iii) Goddi Beta Dimsa - Bowing down and lifting up their heads, the tribal troupes dance as if they are picking up stones. Bending forward and rising up with a swing, they go forward twenty-five steps and come back in the same manner. This is repeated four to five times.

iv) Potar - Tola Dimsa - This dance symbolises picking up leaves. Half of the dancers stand side by side in a row. The rest stand behind the first row in the same manner and keep their hands on the shoulders of the people standing before them. Turning their heads to the right and left, the two rows march forward and backward.

v) Bhag Dimsa- This dance is meant as an instruction on how to escape from a tiger's attack. Half of the troupe form a circle hand in hand. They stand on their toes, bowing and raising their heads. Moving round swiftly, the rest enter the circle and form a 'serpent coil'. This is repeated several times.

vi) Natikari Dimsa- This is a solo dance performed by valmikis on Deepavali in particular and other tribals during other festivals in general.

vii) Kunda Dimsa- In this the dancers push each other with their shoulders while singing rhythmically.

viii) Baya Dimsa. This is a dance of the tribal magician (gamachari) when he is possessed by the village goddess. All the villagers surround the magician with their heads bowed and imitate him. This continues till the magician returns to normalcy from his trance.

The united community view point is the essential feature of these tribal dances. Without any discrimination of caste and creed, age and sex, the whole community participate in these dances. The community development programmes have affected their way of life and the dance forms, which essentially belongs to their cultural heritage. All the dances conform to the rhythm of either Aditala or Rupakatala.


Araku Tribal Dimsa Dance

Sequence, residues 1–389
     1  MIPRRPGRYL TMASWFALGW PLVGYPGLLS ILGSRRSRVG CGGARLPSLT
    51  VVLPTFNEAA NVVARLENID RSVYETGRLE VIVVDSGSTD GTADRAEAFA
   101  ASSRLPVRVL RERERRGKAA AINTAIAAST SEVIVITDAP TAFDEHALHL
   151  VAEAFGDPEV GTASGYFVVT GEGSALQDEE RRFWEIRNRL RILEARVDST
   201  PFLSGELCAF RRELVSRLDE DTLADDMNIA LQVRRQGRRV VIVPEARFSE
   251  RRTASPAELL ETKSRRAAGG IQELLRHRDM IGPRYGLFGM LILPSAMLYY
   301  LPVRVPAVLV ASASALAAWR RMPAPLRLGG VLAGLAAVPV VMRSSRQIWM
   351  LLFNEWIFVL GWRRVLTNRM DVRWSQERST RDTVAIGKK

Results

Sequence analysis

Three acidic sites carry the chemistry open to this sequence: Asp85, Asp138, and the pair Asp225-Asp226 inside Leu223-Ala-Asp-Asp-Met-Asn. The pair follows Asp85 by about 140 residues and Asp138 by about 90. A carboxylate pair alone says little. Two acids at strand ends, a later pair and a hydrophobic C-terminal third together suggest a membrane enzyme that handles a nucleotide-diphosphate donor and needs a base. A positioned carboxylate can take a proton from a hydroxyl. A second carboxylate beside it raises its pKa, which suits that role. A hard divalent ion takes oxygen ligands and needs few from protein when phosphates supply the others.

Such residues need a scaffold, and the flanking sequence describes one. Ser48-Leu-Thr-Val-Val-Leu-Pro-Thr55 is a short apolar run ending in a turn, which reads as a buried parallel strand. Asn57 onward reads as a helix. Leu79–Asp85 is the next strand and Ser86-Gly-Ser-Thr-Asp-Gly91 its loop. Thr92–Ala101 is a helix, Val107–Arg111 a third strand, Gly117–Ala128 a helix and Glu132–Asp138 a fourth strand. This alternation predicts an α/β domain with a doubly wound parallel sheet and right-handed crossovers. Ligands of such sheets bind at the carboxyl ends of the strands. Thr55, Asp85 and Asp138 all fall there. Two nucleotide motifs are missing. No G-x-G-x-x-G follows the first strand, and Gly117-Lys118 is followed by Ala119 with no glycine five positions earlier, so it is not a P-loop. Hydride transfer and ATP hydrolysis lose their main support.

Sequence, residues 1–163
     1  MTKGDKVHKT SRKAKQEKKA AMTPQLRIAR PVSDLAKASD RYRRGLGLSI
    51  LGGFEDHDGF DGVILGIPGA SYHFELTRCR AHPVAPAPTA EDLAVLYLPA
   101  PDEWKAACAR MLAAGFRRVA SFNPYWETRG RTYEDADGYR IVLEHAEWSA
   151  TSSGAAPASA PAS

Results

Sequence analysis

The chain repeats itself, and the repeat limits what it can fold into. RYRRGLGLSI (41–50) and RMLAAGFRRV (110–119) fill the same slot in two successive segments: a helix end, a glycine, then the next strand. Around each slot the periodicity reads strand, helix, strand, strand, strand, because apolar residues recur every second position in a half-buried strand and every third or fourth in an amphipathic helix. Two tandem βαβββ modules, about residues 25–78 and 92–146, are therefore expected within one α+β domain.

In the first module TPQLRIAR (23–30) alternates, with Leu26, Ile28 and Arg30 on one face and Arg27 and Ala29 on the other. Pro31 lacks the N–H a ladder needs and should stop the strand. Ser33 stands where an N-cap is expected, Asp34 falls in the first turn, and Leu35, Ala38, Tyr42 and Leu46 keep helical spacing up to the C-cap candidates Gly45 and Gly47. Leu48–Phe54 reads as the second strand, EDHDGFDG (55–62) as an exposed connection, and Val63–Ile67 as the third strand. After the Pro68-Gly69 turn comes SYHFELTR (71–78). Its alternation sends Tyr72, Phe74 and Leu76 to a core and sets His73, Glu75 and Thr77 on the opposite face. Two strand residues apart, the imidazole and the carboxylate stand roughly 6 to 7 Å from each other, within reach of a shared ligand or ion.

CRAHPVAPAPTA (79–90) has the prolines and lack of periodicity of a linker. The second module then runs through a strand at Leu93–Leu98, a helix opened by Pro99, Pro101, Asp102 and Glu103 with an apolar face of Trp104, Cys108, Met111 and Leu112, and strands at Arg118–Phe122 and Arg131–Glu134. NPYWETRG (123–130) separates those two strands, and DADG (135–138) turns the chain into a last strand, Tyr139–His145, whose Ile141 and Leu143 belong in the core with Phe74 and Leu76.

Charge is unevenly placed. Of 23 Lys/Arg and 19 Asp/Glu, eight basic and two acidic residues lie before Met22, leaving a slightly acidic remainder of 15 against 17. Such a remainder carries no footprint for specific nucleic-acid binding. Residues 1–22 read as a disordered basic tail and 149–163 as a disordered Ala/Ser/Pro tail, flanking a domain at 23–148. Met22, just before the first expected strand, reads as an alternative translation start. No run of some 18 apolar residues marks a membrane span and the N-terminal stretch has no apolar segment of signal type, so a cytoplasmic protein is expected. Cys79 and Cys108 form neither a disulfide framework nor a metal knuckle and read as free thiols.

Araku Tribal Dimsa Dance

Major Tourist Attractions


Araku Tribal Museum :- The Tribal Museum in Araku Valley explores the tribal culture of Eastern Ghats. The Tribal Museum exhibits rich tribal tradition and several artifacts. One can see the tools used by the tribes and avail information about the social and cultural aspects of the tribal people. There is a stall in the museum where handicrafts items of the tribes are sold.
Traibal Museum at Araku
Traibal Museum at Araku

Anantagiri Hills :- Anantagiri is a breathtakingly beautiful resort sheltered in the lush undulating ranges of the Eastern Ghats. It is considered to be a perfect head off to get away from the blistering summer months. Ananthagiri is perched at an altitude where the panoramic vista unfolds stunning viewpoints.
Anantagiri Hills
Anantagiri Hills

Driving through picturesque coffee plantations the road to Anantagiri with its ups and downs on the Ghat route is literally enveloped with mango groves, waterfalls that gush and flow into the ravines. The Eastern Ghats rail route on this stretch is one of the highest broad gauge tracks in the world.

Bheemunipatnam Beach :- Bheemunipatnam Beach is about 25-km from Vishakhapatnam and prime attraction of Araku Valley. The most important aspect of interest at the place is the beach, which is perhaps matchless for its beauty all along the east coast.

Bheemunipatnam Beach
Bheemunipatnam Beach
Borra caves :- Borra caves is located at a distance of above 90-95 km from Vishakhapatnam and prime attraction of Araku Valley and Situated at 1400 metres above sea-level, they spread over the Eastern Ghats and occupy an area of 2 sq km. William King George of the Geological Survey of India discovered these caves in the year 1807.

Deep in the caves there is a “Shivalingam” over which there is an idol of a cow “Kamdhenu” and the river Gosthani takes its origin from the udder of this cow. The mercury and halogen lamps lit inside make the interior of the caves colourful and spectacular.

Tyda Park :- It is located 75 kms. from Visakhapatnam on the Araku road, Tyda is being developed with camping facilities at Jungle Bells to provide an enchanting experience in the wilderness to tourists. A home for a variety of wild mammals and avitauna, Tyda is ideal for viewing wild life and bird watching. Other attractions are rock climbing, trekking and targetting with bow and arrows.

Dhimsa Dance :- The natural beauty of this valley comes alive with its rich landscape. The Dhimsa dance an age-old folk dance of the aborigines is still performed here in Araku Valley during 'Itika Pongal' - the famous hunting festival in April.

HOW TO REACH
By Air :- The nearest airport is Vishakhapatnam at a distance of 112-km.

By Train :- Araku Station (136 km from Viskhapatnam).

By Road :- One can drive up from Viskhapatnam or take any of the buses plying here. (117 km from Viskhapatnam).

WHEN TO GO
Best time to travel Araku Valley is October To February.

4 comments:

  1. I love this.Because i am very close to all these place.Tribles are dace & songs are very good.

    ReplyDelete
  2. Very attractive & i sugest to all to go & see these placess.

    ReplyDelete
  3. Very nice.
    and thid website is used to mainly tourists.

    ReplyDelete